In just the last year, eight states have legalized online sports betting, bringing the total number of states that legalized the activity to 33, with three more states set to open their operations in 2023.
In 2018, the Supreme Court struck down a 1992 federal law that effectively banned commercial sports betting in most states, which paved the way for the meteoric rise in the activity since.
According to the American Gaming Association, 50.4 million Americans bet on the Super Bowl between the Kansas City Chiefs and Philadelphia Eagles in 2023. Overall, they wagered $16 billion compared to $7.6 billion during 2022’s Super Bowl.
In the first 10 months of 2022, $73 billion was legally wagered on sports according to the group, a 70% increase year over year. In 2022, the legal wagering led to $5.7 billion in revenue for casinos, $1.3 billion in tax money for the federal government, and some issues for those who partake.
“[Sports betting] is kind of like a Molotov cocktail disguised as a whiskey sour,” said Steve Maltepas, a professional sports bettor who puts his picks online for subscribers who pay monthly for them. “It looks fun, it looks engaging, it looks great. But I’ve seen some that are a little scary. I’ve got more and more people every week to borrow money that never have before.”
Maltepas is what is known as a handicapper, where he spends more than 40 hours a week researching different sporting event matchups so he can identify an edge over casinos that put out bets. He then sells those picks to monthly subscribers who pay roughly $3 a day to access them.
“You know, we spend eight to 16 hours a day depending on the season running the analytics, the metrics, the gambling angles,” he said. “[We] look at all the injuries, read every article we can because you never know when one paragraph will set something off in your head and you’ll see something. You’ll see some value [in a particular bet].”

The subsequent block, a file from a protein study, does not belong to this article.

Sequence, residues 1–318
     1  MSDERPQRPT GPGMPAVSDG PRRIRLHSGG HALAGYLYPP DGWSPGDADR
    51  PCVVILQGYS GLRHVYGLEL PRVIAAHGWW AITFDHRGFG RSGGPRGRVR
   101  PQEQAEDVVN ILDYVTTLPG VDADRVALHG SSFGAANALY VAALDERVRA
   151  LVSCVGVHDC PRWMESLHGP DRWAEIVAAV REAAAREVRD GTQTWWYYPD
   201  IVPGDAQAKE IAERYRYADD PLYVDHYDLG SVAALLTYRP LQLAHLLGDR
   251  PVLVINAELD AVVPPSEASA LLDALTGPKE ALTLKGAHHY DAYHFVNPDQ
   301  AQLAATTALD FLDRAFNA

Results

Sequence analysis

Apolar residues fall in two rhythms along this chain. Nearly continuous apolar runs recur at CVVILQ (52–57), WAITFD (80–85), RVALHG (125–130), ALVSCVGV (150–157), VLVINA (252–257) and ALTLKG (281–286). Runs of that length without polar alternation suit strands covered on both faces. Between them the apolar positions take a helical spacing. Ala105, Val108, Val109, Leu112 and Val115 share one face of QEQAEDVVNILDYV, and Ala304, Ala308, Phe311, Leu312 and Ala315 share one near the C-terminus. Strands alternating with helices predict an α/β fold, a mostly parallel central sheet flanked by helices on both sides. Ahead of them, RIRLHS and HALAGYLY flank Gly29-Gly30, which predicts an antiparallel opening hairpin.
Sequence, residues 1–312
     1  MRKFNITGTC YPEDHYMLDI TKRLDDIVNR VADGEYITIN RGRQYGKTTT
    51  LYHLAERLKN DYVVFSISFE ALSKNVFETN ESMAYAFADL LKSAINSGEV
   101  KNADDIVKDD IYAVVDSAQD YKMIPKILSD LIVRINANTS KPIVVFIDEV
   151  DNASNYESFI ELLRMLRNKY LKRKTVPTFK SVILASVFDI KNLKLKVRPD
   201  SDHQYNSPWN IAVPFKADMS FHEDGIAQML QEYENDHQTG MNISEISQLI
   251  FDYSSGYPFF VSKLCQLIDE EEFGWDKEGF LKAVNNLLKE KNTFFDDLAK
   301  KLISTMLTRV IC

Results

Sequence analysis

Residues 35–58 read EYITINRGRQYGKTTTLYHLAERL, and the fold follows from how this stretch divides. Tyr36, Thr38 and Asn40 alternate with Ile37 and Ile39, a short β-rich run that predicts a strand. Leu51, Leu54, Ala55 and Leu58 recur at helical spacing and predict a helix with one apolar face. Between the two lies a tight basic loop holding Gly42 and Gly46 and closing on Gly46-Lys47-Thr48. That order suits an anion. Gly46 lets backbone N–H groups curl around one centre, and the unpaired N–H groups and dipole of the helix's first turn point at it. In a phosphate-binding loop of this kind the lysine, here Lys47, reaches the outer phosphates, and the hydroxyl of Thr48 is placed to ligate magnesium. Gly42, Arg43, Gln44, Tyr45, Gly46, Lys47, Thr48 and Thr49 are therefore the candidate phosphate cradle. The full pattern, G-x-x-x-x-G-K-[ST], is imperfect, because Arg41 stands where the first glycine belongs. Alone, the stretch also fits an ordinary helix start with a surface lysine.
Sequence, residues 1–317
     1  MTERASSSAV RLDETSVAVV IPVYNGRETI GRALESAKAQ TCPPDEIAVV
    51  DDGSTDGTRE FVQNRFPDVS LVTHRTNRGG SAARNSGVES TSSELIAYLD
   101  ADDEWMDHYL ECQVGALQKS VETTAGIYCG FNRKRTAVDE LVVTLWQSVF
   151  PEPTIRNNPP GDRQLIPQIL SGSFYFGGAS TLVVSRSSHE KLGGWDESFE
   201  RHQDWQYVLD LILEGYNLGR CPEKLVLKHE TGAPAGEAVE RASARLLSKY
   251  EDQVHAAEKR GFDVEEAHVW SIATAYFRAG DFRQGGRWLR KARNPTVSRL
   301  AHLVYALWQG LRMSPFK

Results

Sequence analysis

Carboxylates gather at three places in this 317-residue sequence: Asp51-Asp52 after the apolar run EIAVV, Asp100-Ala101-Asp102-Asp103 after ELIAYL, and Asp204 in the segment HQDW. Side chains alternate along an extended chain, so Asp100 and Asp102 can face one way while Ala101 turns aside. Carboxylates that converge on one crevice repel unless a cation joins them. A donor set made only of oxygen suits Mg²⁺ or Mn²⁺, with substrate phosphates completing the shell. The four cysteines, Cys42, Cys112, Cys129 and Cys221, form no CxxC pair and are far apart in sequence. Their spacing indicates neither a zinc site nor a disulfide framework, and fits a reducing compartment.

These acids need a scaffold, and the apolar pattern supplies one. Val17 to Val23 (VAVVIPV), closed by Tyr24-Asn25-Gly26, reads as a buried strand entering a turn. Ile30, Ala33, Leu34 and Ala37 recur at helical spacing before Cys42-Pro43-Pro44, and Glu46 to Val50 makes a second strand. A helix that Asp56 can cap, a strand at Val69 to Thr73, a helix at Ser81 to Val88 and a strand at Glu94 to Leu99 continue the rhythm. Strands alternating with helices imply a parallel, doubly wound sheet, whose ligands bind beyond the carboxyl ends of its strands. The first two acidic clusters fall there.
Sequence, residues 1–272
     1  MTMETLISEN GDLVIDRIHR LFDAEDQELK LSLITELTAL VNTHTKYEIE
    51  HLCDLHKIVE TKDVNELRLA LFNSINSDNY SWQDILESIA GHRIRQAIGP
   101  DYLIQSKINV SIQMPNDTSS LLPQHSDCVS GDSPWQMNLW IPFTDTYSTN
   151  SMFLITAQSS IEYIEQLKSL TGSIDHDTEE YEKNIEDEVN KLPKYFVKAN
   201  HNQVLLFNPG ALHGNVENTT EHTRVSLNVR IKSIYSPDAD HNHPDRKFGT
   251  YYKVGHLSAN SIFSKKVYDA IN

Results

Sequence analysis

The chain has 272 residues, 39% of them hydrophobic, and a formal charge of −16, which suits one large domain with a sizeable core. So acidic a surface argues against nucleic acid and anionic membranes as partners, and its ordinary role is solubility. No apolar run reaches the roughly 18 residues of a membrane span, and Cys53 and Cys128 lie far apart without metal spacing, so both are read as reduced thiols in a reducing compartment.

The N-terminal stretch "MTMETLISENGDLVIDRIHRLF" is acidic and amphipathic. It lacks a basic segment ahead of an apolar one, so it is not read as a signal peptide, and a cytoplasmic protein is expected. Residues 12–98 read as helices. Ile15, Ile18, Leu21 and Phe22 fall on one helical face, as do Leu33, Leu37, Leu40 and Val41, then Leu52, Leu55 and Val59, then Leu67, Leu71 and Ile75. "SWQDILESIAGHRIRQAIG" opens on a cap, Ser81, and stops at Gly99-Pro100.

Maltepas has been betting for more than 30 years, much of it was illegal before the Supreme Court ruling in 2018, but the ruling has allowed his business to flourish, but behind the glitz and the glamour of the bright casino lights, there is a dark side to the venture.
Yale Medicine estimates gambling addictions affect 1% of the adult population and 2% to 7% of youths, but it is difficult to assess since many who partake do not recognize their actions as problematic.
“[Gambling addiction] is no different than really any other rewarding behavior that we have. You know, alcohol, tobacco, lobster, Doritos. You know, it just gets people feeling good,” said Timothy Fong, a professor of psychiatry at UCLA and the co-director of the UCLA Gambling Studies Program.
Fong says where sports betting differs from other types of gambling is the illusion of control. Many times, the people betting are fans of the sport who think they know more than the average person and therefore have an edge. Many times, it is not the case as that illusion of control has led more people to bet on parlays, where multiple outcomes need to occur just to win one bet.
It is far riskier than betting a single outcome but pays out a much larger profit if it hits due to the decrease in probability.
“There’s zero skill in [betting parlays],” said Fong. “This is just picking numbers out of a hat. That’s all it is and anyone who wants to counter and tell me otherwise is completely full of BS, which is different than traditional handicapping where I’m taking one bet on one outcome and I’m comparing it to historical numbers.”
It is why professionals like Maltepas stay away from betting parlays, instead wagering hundreds of thousands of dollars a year on single outcomes. Even then, he is winning 54% to 57% of his bets, but with the amount he wagers each year, it has allowed him to make a sizeable profit as more people flock to do the same.